Most-serious greenhouse gas is increasing, international study finds

April 23, 2001

Scientists know that atmospheric concentrations of greenhouse gases such as carbon dioxide have risen sharply in recent years, but a study released today in Paris reports a surprising and dramatic increase in the most important greenhouse gas - water vapor - during the last half-century.

The buildup of other greenhouse gases (those usually linked with climate change) is directly attributable to human activity, and the study indicates the water vapor increase also can be traced in part to human influences, such as the buildup of atmospheric methane. However, other causes not directly related to humans must also be at work, said Philip Mote, a University of Washington research scientist who is one of seven lead authors on the report.

"Half the increase in the stratosphere can be traced to human-induced increases in methane, which turns into water vapor at high altitudes, but the other half is a mystery," said Mote. "Part of the increase must have occurred as a result of changes in the tropical tropopause, a region about 10 miles above the equator, that acts as a valve that allows air into the stratosphere."

Readings of water vapor increases 3 to 10 miles up are more ambiguous, Mote said.

The international study, produced by 68 scientists in seven countries as part of the World Climate Research Programme, examined only the changes at higher altitudes, 3 to 30 miles above sea level.

Although carbon dioxide has been relatively easy to monitor and increases have been observed since the 1950s, water vapor has proven much more difficult to monitor. The new effort for the first time was able to draw conclusions about the behavior of water vapor based on a large number of measurements during a long period of time. The report covered both the upper troposphere (3 to 10 miles high), where trends are harder to detect, and the stratosphere (10 to 30 miles high).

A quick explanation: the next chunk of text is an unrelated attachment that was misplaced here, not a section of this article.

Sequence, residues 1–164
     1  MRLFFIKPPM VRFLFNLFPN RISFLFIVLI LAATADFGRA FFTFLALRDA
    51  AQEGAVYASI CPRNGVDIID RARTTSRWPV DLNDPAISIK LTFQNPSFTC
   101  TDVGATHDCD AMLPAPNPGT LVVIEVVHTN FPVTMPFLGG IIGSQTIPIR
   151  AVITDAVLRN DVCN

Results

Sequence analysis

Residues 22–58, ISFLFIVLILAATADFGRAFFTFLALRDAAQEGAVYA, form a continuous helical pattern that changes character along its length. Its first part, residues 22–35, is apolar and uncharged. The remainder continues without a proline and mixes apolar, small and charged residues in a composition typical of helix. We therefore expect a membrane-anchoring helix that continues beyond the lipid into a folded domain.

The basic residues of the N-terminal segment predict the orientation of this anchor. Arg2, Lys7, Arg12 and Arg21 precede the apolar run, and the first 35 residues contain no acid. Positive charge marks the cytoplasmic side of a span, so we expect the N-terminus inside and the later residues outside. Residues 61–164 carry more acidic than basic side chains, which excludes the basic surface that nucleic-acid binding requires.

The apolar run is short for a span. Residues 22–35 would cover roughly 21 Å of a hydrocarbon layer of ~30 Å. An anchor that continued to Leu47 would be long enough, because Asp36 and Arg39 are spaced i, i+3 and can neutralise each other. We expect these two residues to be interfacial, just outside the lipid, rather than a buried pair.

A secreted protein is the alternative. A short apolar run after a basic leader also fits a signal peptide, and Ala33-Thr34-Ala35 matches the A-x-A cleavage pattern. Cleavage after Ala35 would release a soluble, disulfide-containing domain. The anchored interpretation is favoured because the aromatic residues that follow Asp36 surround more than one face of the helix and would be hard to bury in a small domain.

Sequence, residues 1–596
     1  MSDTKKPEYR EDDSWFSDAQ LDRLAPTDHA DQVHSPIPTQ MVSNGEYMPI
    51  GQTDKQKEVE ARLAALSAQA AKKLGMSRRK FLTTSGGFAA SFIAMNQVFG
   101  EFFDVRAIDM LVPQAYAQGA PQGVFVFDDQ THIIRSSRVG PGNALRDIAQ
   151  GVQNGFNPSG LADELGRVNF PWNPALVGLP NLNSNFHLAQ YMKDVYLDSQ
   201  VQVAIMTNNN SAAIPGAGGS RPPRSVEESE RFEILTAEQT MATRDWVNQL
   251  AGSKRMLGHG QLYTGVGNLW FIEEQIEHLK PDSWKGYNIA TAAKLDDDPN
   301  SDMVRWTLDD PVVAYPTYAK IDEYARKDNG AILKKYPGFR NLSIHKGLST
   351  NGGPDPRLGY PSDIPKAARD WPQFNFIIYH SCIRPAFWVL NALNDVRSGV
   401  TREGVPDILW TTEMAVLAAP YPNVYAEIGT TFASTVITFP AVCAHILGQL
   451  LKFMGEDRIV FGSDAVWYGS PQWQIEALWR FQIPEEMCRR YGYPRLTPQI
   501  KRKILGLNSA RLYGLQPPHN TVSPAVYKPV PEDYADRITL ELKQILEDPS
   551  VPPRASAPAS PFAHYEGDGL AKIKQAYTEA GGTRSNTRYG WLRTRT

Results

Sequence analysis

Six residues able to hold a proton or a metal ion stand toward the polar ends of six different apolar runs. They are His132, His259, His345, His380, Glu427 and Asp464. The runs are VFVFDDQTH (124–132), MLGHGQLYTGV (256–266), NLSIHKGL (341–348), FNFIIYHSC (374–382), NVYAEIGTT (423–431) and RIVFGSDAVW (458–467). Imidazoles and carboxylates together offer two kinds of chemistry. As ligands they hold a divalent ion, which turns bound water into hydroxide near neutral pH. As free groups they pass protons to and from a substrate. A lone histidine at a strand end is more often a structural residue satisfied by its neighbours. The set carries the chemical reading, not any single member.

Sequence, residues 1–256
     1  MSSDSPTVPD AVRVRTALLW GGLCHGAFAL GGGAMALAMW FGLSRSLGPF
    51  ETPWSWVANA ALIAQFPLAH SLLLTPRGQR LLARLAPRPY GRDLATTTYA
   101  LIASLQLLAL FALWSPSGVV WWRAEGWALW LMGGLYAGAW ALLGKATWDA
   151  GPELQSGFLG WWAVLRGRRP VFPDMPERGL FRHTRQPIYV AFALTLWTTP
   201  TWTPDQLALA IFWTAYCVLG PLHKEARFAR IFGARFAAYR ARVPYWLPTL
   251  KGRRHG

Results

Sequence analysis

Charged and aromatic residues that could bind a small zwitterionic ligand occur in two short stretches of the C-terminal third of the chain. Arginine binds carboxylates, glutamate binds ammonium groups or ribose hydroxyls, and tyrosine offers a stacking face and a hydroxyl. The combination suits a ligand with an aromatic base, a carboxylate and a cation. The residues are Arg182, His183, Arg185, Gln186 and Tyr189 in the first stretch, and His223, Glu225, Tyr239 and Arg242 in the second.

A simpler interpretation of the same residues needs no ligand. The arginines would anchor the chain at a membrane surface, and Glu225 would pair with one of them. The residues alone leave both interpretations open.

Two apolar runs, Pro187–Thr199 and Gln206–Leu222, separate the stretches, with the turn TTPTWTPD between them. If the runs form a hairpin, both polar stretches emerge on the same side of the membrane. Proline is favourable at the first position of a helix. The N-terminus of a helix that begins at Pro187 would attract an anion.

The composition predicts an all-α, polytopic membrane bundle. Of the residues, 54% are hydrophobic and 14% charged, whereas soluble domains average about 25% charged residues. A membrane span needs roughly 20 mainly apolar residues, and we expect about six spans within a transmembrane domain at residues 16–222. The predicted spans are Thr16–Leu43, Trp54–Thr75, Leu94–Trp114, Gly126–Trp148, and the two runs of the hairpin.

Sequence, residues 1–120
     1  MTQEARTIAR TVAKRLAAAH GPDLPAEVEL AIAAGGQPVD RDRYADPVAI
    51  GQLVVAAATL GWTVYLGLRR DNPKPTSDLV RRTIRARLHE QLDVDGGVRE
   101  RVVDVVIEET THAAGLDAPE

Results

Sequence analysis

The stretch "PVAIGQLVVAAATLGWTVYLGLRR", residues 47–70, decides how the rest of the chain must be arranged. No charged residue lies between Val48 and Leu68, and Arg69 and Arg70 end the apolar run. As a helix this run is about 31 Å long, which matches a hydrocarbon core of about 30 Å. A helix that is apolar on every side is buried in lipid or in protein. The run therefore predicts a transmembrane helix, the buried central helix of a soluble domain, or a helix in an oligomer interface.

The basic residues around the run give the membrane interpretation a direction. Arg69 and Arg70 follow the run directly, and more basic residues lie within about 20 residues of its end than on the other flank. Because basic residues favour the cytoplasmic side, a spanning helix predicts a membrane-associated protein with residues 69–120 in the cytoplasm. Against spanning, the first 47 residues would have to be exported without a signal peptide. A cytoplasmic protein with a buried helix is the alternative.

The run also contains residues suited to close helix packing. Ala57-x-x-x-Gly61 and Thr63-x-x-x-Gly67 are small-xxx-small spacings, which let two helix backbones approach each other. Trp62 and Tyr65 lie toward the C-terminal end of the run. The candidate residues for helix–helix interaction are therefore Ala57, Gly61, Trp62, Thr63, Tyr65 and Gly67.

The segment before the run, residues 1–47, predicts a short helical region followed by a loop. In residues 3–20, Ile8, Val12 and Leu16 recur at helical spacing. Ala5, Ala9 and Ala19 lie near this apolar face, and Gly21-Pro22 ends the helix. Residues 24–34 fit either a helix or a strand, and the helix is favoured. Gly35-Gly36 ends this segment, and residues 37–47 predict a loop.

"A wetter and colder stratosphere means more polar stratospheric clouds, which contribute to the seasonal appearance of the ozone hole," said James Holton, UW atmospheric sciences chairman and expert on stratospheric water vapor. "These trends, if they continue, would extend the period when we have to be concerned about rapid ozone depletion."

Atmospheric heating happens when the Earth's atmosphere and surface absorb solar radiation, while cooling occurs when thermal infrared radiation escapes the atmosphere and goes into space. If certain key gases that absorb and emit infrared radiation, the most important being water vapor and carbon dioxide, were not present in the atmosphere, Earth's temperature would cool to minus 19 degrees celsius, or minus 2 degrees Fahrenheit. The global annual mean temperature is 14 degrees celsius.

Key findings of the water vapor assessment are:
* Ground-based, balloon, aircraft and satellite measurements show a global stratospheric water vapor increase of as much as 2 parts per million by volume in the last 45 years, a 75 percent jump.
* Modelling studies by the University of Reading in England show that since 1980 the stratospheric water vapor increase has produced a surface temperature rise about half of that attributable to increased carbon dioxide alone.
* Methane, which has been increasing in the atmosphere since the 1950s, could be contributing to the water vapor increase. Chemical conversion of methane to water vapor occurs in the stratosphere but can only account for at most half of the water vapor increase.

A satellite record of relative humidity data for the upper troposphere shows a 2 percent increase during the last 20 years in the equatorial region. However, the uncertainty in this determination is too large to allow a clear conclusion as to whether this is part of a long-term trend.

Among other things, the report recommends continuing to launch balloons monthly from Boulder, Colo., as a means to measure water vapor, a low-cost effort that nevertheless faces possible discontinuation. The balloon measurements, dating from 1981, are the only continuous record of water vapor.

Holton said the report is significant because, by careful comparison, it largely has resolved contradictions in measurements among a number of instruments.
-end-
For more information, contact Mote at (206) 616-5346 or philip@atmos.washington.edu, or Holton at (206) 543-4010 or holton@atmos.washington.edu

University of Washington

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